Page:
I recently found an ozone service for the home that completely eliminates odor from the home. It's smells fresh. Then, don't go around lighting candles after the fact. That in itself has turn off lots of buyers too.

Feb 06, 2010 03:26 PM #80
Glen Fisher
National Property Inspections of Southern New Jersey, LLC - Oaklyn, NJ

Hi Deena.  As a home inspector, I see air fresheners as a big red flag

Several years ago, I counted over twenty air fresheners in a home.  Sure enough, the crawl space was found to be flooded with a major mold problem present.

Just last Thursday, the home I inspected had several air fresheners in place.  The listing agent stated that the cleaning lady had placed the air fresheners.  Sure enough, the wood stove contained a dead animal. 



Feb 07, 2010 12:58 AM #81
Not In Real Estate Any Longer
Autaugaville, AL

Hi Deena,

I just wrote a blog about the commercial with the real estate agent stating that she uses Febreze in all her listings to freshen up the homes before open houses. I called it: I Truly HATE That Commercial.

Have you seen that commercial? This woman actually tells the free world that she's a real estate agent and she sprays her client's homes with that stuff! OMG!!!!

You are absolutely right. Get to the root of the problem and fix it.




Feb 07, 2010 02:04 AM #82
Marc Iafrate
Capital City Real Estate Group, Inc. - Raleigh, NC
MBA - Wake County Real Estate Search

Good advice - we as agents need to deal with the all the potential issues of a home including offensive odors.

Feb 07, 2010 02:06 AM #83
Joetta Fort
The DiGiorgio Group - Arvada, CO
Independent Broker, Homes Denver to Boulder

I'll be linking to your post in one of my posts, it was just so perfect.

Feb 07, 2010 04:46 AM #84
Aaron Silverman
SuccessfulRental.com, Bluewater Property Management, LLC and Lowcountry Turnkey Properties, LLC - Charleston, SC
Improving Real Estate Experience through Education

Multiple people have recommended baking chocolate cookie smell to give the home a warm and fuzzy feeling.  What do you think?

Feb 07, 2010 06:40 AM #85
William James Walton Sr.
WEICHERT, REALTORSĀ® - Briotti Group - Waterbury, CT
Greater Waterbury Real Estate

Deena - your recommendations make perfect sense. People should identify what's causing the odor first, then eliminate...not mask...

Although I have heard that heating cinnamon can eliminate some odors...I wonder...

Feb 07, 2010 09:43 AM #86
Deena Cottingham
GreenApple Staging & Images, Calgary Staging & Photography - Calgary, AB
Home Stager & Photographer

Thanks again for all your comments!

Erica - no way . . . frying fish?? Do people not understand that if you want your house to sell, you might have to make some choices and sacrifices for awhile?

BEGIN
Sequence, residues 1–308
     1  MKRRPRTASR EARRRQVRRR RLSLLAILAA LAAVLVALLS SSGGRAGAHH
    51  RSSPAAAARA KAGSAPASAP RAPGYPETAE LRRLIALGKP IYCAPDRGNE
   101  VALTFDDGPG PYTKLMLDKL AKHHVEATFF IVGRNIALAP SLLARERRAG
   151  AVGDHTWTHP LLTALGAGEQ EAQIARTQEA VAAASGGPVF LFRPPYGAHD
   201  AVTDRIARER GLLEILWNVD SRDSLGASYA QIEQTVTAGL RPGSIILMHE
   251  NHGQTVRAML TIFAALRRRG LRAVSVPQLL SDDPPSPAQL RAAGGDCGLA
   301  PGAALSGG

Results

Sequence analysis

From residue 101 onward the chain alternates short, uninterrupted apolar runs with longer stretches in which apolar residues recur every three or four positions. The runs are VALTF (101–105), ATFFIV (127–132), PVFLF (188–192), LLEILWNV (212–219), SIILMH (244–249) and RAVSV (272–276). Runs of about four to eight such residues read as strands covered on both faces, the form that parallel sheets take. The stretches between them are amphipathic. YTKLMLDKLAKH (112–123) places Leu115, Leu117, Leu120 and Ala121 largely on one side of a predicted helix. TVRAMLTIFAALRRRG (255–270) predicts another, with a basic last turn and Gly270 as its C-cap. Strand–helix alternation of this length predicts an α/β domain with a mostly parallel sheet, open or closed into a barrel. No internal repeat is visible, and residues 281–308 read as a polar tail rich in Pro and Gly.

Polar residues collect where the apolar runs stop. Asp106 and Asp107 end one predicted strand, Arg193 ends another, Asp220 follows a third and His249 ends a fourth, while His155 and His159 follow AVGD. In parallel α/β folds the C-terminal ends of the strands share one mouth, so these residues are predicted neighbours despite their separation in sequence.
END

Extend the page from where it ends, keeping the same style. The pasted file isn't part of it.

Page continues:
Amy - yes, I agree with you that I'd rather smell a scented gadget over musty -- if those are my only choices. But I'd rather buy a house that doesn't have smell issues in the first place.

Jo - I loooove banana bread! That's a smell worth buying for!

Patricia - I am with you on the essential oils. Put a little in some vinegar water for cleaning, and you've got an effective environmentally friendly product, too!

Thanks John, Ted & Rebecca!

Christine - there are some soy based candles that are considered safe.

Sharyn & Victoria - a goat?? Yes, that'd be something to talk about afterwards!

Loreena - excellent point about ozone cleaners. I hear that they absolutely do work, there is just some controversy over the health implications. Definitely not recommended for people with respiratory issues.

Glen - so glad you weighed in and shared your stories! Sure enough, truth proves to be stranger than fiction!

Pam - no I haven't seen that commerical. I think I'd feel the same as you about it, though!

Thanks Marc and Joetta for your visit. And thanks for the link!

Aaron - great question. Well, I'd take baking smells over just about any artificial smell, that's for sure. I know this tactic works for a lot of people and they swear by it. As for me, I don't know . . . does it seem like you're trying too hard? I personally haven't done this when selling a property . . . I try to go for the truly fresh and clean. However, in some situations, maybe this would help a lingering odor even if the problem has been dealt with.

William - there are a few comments that would indicate so. I'd have to try it myself to see if it would eliminate an odor. I suppose if the source is gone (frying fish, or something), then perhaps it would certainly help clear the air!


Feb 07, 2010 11:18 AM #87
Valerie Sagheddu
Apostle Art Home Staging & Design - Stroudsburg, PA
~Home Staging Professional, Poconos, PA

Deena...you bring up a good point about buyers questioning whether or not you are hiding something. I used to use the plug ins but have laid off and tend to agree that it should not be necessay if the "bad" odors are eliminated!

Feb 08, 2010 01:27 AM #88
Shirin Sarikhani
Seattle Staged To Sell www.seattlestagedtosell.com - Seattle, WA

Hi Deena. Personally, I can't stay in "scented", since I am allergic to most of the scents. 


Three weeks ago, an agent called me to checkout one of his listings, that was not selling after being on the market for six months. 

The home was a modern one with beautiful views of the Puget Sound. First of all, the house was not staged and in addition, he had three plugins in the living room. I could only stay for couple of minutes inside of the house. He got the message!

Thanks for the blog - a very important topic.

Feb 08, 2010 02:34 PM #89
Sharon Paxson
Arbor Real Estate - Newport Beach, CA
Newport Beach Real Estate - Arbor Real Estate
Great title - ode to odors is oh so important! When there are floral odors, they are probably hiding something. My guess is animal something!
Feb 13, 2010 10:24 AM #91
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Deena Cottingham